Watson bows out but Djokovic sails on beside the sea-side at Eastbourne
By Ros Satar, in Eastbourne
- Heather Watson reclaims the British No. 2 spot despite falling to Caroline Wozniacki 6-2 3-6 7-5
- Novak Djokovic advances to the Eastbourne final
EASTBOURNE, UK – Heather Watson leaves Eastbourne with some confidence while Novak Djokovic has built up a run of his own as the finals were set.
Watson: ‘It’s been a good week’
Around a week ago, Heather Watson sat in press after a second first round exit at a WTA tour level event, but seemed upbeat that things would click soon. After all she had finished in Roland Garros early but seemed up beat. Certainly happier than when we had last spoken to her in Indian Wells, where the prospect of defending fourth round points seemed insurmountable.
She lost her grip (albeit briefly) on the British No. 2 ranking to close friend Naomi Broady, but she was back on her favourite surface and more importantly, in front of home crowds. That is not to say there was not fervent support for the Guernsey girl at Nottingham or Birmingham but maybe being beside the sea-s-de was the winning formula.
She has been a semi-finalist here before, in 2014 but it was always going to be a tough ask against a player who, like Watson, can make you run for every ball. Even after Wozniacki struggled with a left abdominal muscle strain that impacted her serving, her scrambling skills always forced Watson to go for the extra ball, often leaking frustrating errors.
Yet there was much to take away as positives for Watson. For a start she regains the British No. 2 spot heading into Wimbledon, and is just a few of places adrift of the Top 100, which would set her up for the US Open main draw – so all in all things seem to be moving in the right direction.
She told reporters: “Right now I’m pretty disappointed that I lost. As far as my performance goes, I’m pleased with how I fought back and got myself back into the match. I started a bit — well, not including the first two games, but after that I was a bit slow and heavy to the ball, making a lot of mistakes. Yeah, I’m pleased. It’s been a good week. I’m feeling ready for Wimbledon
“Can’t get away from [the Wimbledon draw], can you (smiling)? Usually I don’t look, but with a Grand Slam you have people messaging you, like social media notifications come up, and so, yeah, I have seen. I’m feeling optimistic, feeling great within myself going into next week. Yeah, I’m looking forward to the challenge.”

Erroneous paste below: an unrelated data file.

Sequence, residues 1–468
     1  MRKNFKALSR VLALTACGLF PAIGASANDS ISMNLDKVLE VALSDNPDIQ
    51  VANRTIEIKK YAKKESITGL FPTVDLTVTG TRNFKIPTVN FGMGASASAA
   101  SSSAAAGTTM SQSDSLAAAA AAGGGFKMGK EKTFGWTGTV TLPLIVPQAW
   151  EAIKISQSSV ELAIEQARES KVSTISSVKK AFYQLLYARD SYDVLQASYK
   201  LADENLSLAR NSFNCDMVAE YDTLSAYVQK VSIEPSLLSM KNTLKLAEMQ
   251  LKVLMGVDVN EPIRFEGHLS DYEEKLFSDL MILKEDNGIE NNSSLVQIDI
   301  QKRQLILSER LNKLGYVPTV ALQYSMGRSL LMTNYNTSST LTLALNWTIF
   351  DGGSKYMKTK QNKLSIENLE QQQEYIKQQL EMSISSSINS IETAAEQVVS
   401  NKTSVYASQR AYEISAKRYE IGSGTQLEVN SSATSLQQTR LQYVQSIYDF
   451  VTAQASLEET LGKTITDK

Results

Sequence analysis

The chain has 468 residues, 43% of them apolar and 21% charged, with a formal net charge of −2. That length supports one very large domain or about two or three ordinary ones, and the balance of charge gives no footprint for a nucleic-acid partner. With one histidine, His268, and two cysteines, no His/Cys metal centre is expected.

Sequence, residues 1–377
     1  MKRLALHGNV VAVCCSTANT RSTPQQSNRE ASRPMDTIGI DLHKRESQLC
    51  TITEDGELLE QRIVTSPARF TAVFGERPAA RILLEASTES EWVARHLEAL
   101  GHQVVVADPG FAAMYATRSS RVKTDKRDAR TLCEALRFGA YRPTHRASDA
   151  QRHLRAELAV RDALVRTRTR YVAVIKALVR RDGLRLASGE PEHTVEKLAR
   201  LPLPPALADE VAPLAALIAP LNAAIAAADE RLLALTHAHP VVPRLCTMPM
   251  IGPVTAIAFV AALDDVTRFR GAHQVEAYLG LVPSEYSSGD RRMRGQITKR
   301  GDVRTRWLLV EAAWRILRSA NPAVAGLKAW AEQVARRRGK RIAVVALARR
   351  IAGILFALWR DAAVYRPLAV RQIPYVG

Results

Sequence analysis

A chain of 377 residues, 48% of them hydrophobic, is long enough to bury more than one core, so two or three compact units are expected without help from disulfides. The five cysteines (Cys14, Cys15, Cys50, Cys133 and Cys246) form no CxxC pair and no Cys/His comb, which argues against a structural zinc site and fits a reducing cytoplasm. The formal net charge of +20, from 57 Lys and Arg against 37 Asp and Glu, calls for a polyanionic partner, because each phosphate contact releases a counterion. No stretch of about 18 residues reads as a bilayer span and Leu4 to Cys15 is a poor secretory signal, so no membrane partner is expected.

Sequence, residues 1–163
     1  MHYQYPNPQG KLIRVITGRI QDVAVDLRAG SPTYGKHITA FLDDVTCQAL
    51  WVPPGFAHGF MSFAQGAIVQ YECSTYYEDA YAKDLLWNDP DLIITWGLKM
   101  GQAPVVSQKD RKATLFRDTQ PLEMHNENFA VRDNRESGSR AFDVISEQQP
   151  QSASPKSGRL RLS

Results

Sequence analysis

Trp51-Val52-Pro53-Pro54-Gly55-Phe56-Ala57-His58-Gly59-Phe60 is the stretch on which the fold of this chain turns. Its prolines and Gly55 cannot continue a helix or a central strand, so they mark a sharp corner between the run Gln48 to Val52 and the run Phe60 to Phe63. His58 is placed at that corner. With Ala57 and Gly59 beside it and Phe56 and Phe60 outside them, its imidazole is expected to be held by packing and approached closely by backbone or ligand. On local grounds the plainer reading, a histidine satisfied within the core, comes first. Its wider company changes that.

Djokovic sails into the Eastbourne final
It continued to be plain sailing for Eastbourne’s special guest star Novak Djokovic, who dealt with the flurries of resistance thrown up by Daniil Medvedev handily. The Russian had the temerity to break Djokovic back in the first set before losing his serve at the end for Djokovic to serve out the first set comfortably.
Djokovic started the second set exactly as he started the first, breaking the Russian in the opening game, although Medvedev stayed toe-to-toe with the Serbian, with no further sniff of a break for either player until Djokovic had a chance to break for the match but could not convert, making no mistake on the second attempt.
There were some worrying moments for his opponent Gael Monfils, with a couple of tumbles tweaking an already injured knee but Djokovic set out what he expects when he faces the No. 2 seed on Saturday.
He told reporters: “He’s such a dynamic player and unpredictable. He’s got an overall game. He’s got a full package, if you want to call it that way. He’s so athletic. He has a big, big serve. Of course moves around the court very well. Plays well at the net, as well. Returns.
“If things come together for him and if he really wants to, you know, perform well that day, he can be really tough. I mean, he can beat anyone, especially with that serve. I mean, if he has a high percentage of first serve, and I have seen today a little bit of the match, current match, and, you know, he serves 130-plus miles regularly, first serve, that’s huge.
“So, you know, it depends a lot on how he feels, how he serves. I have played him many times before, so I have very good head-to-head, but I don’t think we ever played on grass. It would be a first.”
The final between Karolina Pliskova & Wozniacki takes place at 12:15, with Djokovic and Monfils following not before 2pm, all times BST.
Featured Image Credit: Jimmie48 Tennis Photography
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